For this in vivo study of immune response, C57/BL recipients were grafted with full thickness grafts obtained from histoincompatible Balb/C mice. Grafts of about 1 cm2 are obtained from Balb/C donors and sutured at the corners to prepared beds on the backs of groups of six C57/Bl recipients under Halothane anesthesia. The grafts are inspected daily both visually and tactily starting on the sixth day after grafting. One set of animals is preimmunized by grafting and rejecting a similar transplant one month prior to the final experiment. Statistical analysis is in accordance with students' t-test for paired populations.
The results of the studies described above will now be described in detail so that those skilled in the art will recognize the characterizing features of the immunostimulatory factor of thsi invention.
The biological activities present in the CTE-acetone precipitate were resolved by gel filtration on columns of Sephadex G-25. The entire effluent of the column was screened by determining the effect of the various fractions on murine MLC in human serum. The use of human serum to culture the lymphoid cells was observed to be essential to avoid the strong inhibitory effects of polyamines present in the tissue extracts.
The results of the screening with pyridine acetate buffer at pH 4.5 are shown in FIG. 1 from which it will be seen that the inhibitory factor is eluted just after the bacitracin marker at a KAVE of 0.76.
The stimulatory factor elutes immediately behind the salt at a KAVE of 1.33 near a large 280 nm absorbing peak. The yield of stimulatory material obtained by this procedure was about 1.5 mg for each 1000 mg of CTE-acetone precipitate applied to the column.
Similar results were obtained with commercial defatted calf thymus.
From the elution position of the stimulatory factor it is clear that it must interact or adsorb strongly to Sephadex G-25 under the elution conditions as described above.
As shown in FIG. 2, the stimulatory factor is also strongly bound to Sephadex G-50 equilibrated with PBS at pH 7.4. It was observed in this study that the stimulatory factor eluted well beyond the molecular weight appropriate to other thymus factors which have been reported and to interleukin-2. The factor is also distinguished from these factors since they have not been reported to absorb to Sephadex under these conditions. These reports appear in:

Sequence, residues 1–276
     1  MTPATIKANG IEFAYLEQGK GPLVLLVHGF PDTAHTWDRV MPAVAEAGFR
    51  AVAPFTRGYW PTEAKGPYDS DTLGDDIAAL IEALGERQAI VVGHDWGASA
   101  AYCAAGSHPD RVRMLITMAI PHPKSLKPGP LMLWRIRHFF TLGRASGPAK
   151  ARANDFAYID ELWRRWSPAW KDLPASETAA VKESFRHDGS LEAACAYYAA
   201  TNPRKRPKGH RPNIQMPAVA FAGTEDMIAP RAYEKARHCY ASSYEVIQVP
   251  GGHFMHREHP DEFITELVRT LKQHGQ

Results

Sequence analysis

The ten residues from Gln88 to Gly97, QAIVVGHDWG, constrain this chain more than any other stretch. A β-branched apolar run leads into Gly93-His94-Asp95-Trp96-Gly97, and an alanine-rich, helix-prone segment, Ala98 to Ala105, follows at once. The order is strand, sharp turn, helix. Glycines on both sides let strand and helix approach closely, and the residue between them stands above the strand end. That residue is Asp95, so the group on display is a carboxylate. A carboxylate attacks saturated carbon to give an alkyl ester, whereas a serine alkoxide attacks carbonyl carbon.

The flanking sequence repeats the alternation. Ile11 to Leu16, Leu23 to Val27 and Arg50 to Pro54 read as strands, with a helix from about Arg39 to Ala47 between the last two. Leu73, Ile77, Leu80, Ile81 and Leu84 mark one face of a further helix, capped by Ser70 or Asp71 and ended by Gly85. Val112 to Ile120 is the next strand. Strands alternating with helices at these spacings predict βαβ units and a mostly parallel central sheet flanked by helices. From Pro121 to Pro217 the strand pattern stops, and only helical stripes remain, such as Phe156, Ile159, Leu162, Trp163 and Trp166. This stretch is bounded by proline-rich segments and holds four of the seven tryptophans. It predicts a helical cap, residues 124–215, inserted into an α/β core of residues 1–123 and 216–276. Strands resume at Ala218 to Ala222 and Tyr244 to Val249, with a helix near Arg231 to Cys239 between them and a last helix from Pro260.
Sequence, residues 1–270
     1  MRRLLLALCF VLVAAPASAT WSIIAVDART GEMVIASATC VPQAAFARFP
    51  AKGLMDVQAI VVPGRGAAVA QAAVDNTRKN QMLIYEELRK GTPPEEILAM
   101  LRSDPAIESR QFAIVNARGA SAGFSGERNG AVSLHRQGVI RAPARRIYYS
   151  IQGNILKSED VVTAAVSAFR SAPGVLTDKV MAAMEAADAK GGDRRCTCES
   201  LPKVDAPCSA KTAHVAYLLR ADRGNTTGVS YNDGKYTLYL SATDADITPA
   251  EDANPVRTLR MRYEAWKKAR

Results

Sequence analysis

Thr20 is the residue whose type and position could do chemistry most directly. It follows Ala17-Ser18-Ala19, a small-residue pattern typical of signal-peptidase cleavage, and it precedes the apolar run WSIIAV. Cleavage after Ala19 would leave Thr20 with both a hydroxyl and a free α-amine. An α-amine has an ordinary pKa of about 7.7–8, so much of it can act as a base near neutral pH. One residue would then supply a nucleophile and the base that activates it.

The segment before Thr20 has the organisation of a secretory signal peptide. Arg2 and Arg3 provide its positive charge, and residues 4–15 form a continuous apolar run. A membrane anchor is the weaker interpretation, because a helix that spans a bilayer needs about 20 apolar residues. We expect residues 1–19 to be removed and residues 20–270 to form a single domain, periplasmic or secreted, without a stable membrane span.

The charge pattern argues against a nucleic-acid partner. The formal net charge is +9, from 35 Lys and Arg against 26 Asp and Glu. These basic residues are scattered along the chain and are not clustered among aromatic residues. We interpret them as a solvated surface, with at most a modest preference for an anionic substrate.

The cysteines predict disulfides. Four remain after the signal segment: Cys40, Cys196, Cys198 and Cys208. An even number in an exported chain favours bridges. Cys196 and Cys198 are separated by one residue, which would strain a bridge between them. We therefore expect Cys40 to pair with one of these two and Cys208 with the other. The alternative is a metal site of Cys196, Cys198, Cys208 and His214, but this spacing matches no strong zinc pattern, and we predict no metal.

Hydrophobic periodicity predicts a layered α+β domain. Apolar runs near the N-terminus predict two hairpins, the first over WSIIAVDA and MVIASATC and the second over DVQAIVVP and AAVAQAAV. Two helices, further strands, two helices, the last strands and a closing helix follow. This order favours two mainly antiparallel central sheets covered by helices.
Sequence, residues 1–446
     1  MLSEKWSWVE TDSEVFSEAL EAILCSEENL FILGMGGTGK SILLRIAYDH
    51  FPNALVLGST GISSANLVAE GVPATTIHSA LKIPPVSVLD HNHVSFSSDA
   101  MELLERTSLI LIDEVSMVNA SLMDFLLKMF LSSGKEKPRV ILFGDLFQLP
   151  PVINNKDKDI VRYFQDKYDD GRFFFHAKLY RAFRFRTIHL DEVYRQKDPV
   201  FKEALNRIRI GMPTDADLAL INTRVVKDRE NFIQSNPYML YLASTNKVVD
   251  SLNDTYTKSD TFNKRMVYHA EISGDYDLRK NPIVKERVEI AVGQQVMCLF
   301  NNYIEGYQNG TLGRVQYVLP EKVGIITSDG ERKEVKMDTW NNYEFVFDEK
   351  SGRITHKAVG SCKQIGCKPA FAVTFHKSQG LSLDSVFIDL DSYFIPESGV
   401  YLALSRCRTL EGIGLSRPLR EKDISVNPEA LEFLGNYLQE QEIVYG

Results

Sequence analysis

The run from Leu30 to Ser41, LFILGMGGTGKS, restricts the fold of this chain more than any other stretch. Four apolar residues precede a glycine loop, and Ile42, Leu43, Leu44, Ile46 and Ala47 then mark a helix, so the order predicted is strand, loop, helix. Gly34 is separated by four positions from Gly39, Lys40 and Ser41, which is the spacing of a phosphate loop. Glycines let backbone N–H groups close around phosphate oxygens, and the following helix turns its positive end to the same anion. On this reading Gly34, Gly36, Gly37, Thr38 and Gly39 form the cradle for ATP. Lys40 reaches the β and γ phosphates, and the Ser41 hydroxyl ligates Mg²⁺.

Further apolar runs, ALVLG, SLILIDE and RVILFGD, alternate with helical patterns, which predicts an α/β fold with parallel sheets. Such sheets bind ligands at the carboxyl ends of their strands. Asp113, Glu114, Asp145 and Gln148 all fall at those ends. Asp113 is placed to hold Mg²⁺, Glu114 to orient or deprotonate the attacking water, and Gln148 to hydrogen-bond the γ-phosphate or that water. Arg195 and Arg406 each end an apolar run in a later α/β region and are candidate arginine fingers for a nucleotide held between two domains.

Goldstein, G.: Nature 247: 11-14 (1974).
Kook, A. I., Yakir, Y., and Trainin, H.: Cell Immunol. 19: 151-157 (1975).
Dardenne, M., Pleau, J. M., Man, N. K., and Bach, J. F.: J. Biol. Chem 252: 8040-8044 (1977).
Low, T.L.K., Thurman, G. B., Chincanini, C., McClure, J. E., Marshall, G. D., Hu, S. K., and Goldstein, A. L.: Ann. N.Y. Acad. Sci. 332: 33-48 (1979).
Mier, J. W. and Gallow, R. C.: Proc. Natl. Acad. Sci. U.S.A. 77: 6134-6138 (1980).
Gillis, J., Snith, K. A., and Watson, J: J. Immunol. 124: 1954-1962 (1980).
Disabato, G.: Proc. Natl. Acad. Sci. U.S.A. 79: 3020-3023 (1982).
Watson, J., Gillis, S., Marbrook, J., Mochizuki, D., and Smith, K. A.: J. Exp. Med. 150: 849-858.
Thus, at pH 4.5 to 7.4, this stimulatory factor displays a property of chromatographic behavior on Sephadex gels which is distinctly different from previously described thymic or lymphokine factors.
A number of peptides possess the property of chemabsorbance on Sephadex gels. One of the techniques for minimizing this is to use a polyacrylamide gel matrix such as BioGel at an alkaline pH as described by Chin and Wold: Anal. Biochem. 16: 585 (1972). A sample of G-25 absorbed material was subjected to chromatography on BioGel P-10 run in 0.5M ammonium bicarbonate, pH 8.0. The elution pattern is shown in FIG. 3. The 280 nm absorbing material was held back under these conditions, similar to the results with the Sephadex G-25 and Sephadex G-50 columns. The stimulatory activity was also held back, indicating the strongly absorbing properties of the stimulatory factor.
From the above, it can be concluded that the stimulatory factor of this invention strongly adheres to any Sephadex at pH 4.5 to 8.0 and to any BioGel at pH 8.0.
When the technique of Chin and Wold was employed under strongly basic conditions, the stimulatory factor eluted before the salt on a BioGel P-2 column as shown in FIG. 7. In this experiment, 10 mg of G-25 stimulatory pool was passed over a 1×45 cm column of BioGel P-2 which had been equilibrated with 0.05M NH4 OH, pH 10.2. The fractions were eluted with the same reagent. One result of this treatment is that the factor is split into two fractions. The pattern of FIG. 7 suggests that one of these fractions has a molecular weight of about 1400 Daltons and the other a molecular weight of less than 1400 Daltons but more than 100 Daltons. The significance of the appearance of the two fractions under these strongly basic conditions is not completely understood. It may be that the factor of the invention actually contains two fractions, or that it is split into two fractions by the strong alkaline treatment.
The term `strongly adheres` as used in this specification and claims means that the factor elutes after a sodium chloride marker on a Sephadex column at pH 4 to 8.
For the dialysis study, a sample of G-25 pool was taken up in 0.1M ammonium acetate, pH 5.0. The Retentate and the Dialysate were freeze dried and assayed by MLC. It was found that 13% of the activity was in the Retentate and 87% of the activity was in the Dialysate. This clearly establishes that the immunostimulatory factor passes through dialysis tubing with a 3500 Dalton cut-off.